In seeming defiance of the generally held belief that speaking ill of the dead is tactless, the death of former British Prime Minister Margaret Thatcher has brought out the worst in some people, particularly in her native United Kingdom.

British media reported parties “celebrating” the demise of the “Iron Lady” having taken place in various cities, including Bristol, Glasgow, Northern Ireland and in Brixton, South London.

Moreover, some Labour and leftist politicians -- among them, the redoubtable George Galloway of the so-called “Respect” party -- have said they will boycott any Parliament-sponsored memorial of the late baroness.

Newspapers like the Guardian and the Mirror have only mildly rebuked those “celebrating” Thatcher’s death, while continuing to hammer away at her policies and personality. The Mirror even published a column by Roy Hattersley, former Labour deputy leader, and openly condemned her for a multitude of apparent sins.

Some Labour figures, including former Prime Minister Tony Blair and the current Labour chief Ed Miliband, have rightfully condemned these posthumous attacks on Thatcher -- while always asserting they disagreed with many of her policies.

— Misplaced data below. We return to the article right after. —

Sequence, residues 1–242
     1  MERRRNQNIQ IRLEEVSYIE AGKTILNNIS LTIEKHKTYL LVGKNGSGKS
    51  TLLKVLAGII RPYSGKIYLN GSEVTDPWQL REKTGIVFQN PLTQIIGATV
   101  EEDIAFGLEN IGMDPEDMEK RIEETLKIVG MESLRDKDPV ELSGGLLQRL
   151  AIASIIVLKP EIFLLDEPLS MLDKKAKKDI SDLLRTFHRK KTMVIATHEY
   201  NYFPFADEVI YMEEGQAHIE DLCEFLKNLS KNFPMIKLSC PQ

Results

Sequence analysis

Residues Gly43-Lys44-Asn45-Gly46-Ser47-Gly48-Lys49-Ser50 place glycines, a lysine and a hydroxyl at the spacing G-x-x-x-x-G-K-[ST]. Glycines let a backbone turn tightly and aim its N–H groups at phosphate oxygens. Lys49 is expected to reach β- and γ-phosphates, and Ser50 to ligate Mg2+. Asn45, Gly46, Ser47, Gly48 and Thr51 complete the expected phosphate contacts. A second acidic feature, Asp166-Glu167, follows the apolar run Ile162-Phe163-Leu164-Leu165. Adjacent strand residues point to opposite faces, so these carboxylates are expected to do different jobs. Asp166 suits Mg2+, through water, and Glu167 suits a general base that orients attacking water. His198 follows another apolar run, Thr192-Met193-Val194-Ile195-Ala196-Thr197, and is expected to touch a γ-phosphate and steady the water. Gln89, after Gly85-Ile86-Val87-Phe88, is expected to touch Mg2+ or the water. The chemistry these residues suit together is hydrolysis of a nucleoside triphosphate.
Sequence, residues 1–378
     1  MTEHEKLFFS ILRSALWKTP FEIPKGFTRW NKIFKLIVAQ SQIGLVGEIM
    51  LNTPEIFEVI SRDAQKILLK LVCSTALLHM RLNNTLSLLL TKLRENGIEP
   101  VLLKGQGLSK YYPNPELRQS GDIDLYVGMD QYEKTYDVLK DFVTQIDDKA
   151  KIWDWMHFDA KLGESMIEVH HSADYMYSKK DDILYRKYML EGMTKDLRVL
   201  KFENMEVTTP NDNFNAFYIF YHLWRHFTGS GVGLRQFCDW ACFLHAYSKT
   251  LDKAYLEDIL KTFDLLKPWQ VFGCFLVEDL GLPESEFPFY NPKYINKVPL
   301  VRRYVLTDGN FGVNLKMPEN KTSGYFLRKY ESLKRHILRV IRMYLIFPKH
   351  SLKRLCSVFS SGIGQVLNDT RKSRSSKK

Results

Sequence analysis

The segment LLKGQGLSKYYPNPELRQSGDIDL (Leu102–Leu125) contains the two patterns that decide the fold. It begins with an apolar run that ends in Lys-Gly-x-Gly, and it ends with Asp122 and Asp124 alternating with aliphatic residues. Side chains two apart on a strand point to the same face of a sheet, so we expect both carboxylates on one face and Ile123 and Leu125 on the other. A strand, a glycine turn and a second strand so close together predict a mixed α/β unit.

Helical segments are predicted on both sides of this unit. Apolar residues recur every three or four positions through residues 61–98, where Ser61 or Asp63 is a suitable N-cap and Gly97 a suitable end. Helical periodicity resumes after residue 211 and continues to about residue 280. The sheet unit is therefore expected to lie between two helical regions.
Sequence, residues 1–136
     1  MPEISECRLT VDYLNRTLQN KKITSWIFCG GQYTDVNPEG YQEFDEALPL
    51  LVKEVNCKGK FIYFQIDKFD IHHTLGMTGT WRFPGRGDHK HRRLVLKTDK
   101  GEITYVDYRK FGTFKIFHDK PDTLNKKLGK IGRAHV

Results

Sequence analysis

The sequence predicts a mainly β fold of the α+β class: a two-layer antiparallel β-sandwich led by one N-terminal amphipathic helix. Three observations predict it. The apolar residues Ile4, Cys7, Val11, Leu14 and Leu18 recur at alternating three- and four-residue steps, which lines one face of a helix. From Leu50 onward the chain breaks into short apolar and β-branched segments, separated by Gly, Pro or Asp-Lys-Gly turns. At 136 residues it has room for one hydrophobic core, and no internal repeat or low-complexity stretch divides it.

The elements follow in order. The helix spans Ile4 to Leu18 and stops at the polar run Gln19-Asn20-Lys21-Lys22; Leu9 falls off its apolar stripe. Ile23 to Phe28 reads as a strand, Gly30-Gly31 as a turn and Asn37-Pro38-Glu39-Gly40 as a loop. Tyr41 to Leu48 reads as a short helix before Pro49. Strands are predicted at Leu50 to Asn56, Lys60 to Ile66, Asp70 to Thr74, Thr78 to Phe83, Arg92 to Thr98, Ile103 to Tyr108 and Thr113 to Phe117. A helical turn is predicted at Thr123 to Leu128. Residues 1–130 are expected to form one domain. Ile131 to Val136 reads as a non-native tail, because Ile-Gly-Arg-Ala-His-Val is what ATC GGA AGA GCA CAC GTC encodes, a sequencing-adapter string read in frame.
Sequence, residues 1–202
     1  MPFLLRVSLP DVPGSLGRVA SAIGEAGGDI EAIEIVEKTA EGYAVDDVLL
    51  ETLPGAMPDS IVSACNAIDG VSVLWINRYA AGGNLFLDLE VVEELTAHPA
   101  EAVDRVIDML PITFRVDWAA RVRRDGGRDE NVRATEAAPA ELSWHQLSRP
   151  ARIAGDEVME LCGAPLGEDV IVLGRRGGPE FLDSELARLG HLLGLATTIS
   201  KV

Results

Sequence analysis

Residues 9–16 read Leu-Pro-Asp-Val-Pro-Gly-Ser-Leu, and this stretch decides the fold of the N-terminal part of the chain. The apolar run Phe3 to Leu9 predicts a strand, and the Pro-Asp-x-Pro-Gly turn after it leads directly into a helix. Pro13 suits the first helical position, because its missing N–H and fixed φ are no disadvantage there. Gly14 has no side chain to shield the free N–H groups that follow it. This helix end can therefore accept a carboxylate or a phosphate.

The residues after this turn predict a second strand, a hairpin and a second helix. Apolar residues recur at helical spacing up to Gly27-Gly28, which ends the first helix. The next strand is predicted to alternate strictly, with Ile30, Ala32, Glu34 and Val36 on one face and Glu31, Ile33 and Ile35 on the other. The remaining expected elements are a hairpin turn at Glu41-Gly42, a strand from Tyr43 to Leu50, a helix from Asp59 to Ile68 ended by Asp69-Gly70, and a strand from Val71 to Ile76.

Undoubtedly, Thatcher was an extremely polarizing political figure who amassed numerous enemies during her tumultuous term in office -- from the race riots that erupted during the early years of her tenure, to the privatizing of state-run business (and resultant huge job losses), to her assault on the trade union movement and her belligerent stance on Irish Republicans -- Maggie was indeed hated by many.

Aside from the incredibly bad taste of attacking someone who is not yet cold in her grave, there are at least two other things wrong with this orgy of hatred toward Thatcher.

No. 1: She has been out of power (and largely the public eye) since 1990, which means that an entire generation of Britons has grown up with only a faint idea of who Thatcher was, and what she represented. But some of the death-of-Thatcher-party-celebrants at parties were either children when she reigned at Downing Street, or not even born yet.

It is important to remember that Thatcher was one of the most popular prime ministers in British history; she won significant majorities in elections during the 1980s.

One must wonder, then, how deep and pervasive this antipathy towards her really is. As in the United States, a rather large “silent majority” of those in support of Lady T also exists in Britain.

No. 2: Thatcher is being vilified for being a woman in a field long dominated by men. She remains the only women ever elected prime minister, and one of the few to have ever led a powerful western nation. Had she been a man, she would’ve been praised -- even by her enemies -- for being tough, uncompromising and forthright.

Instead, some people are dancing on her grave.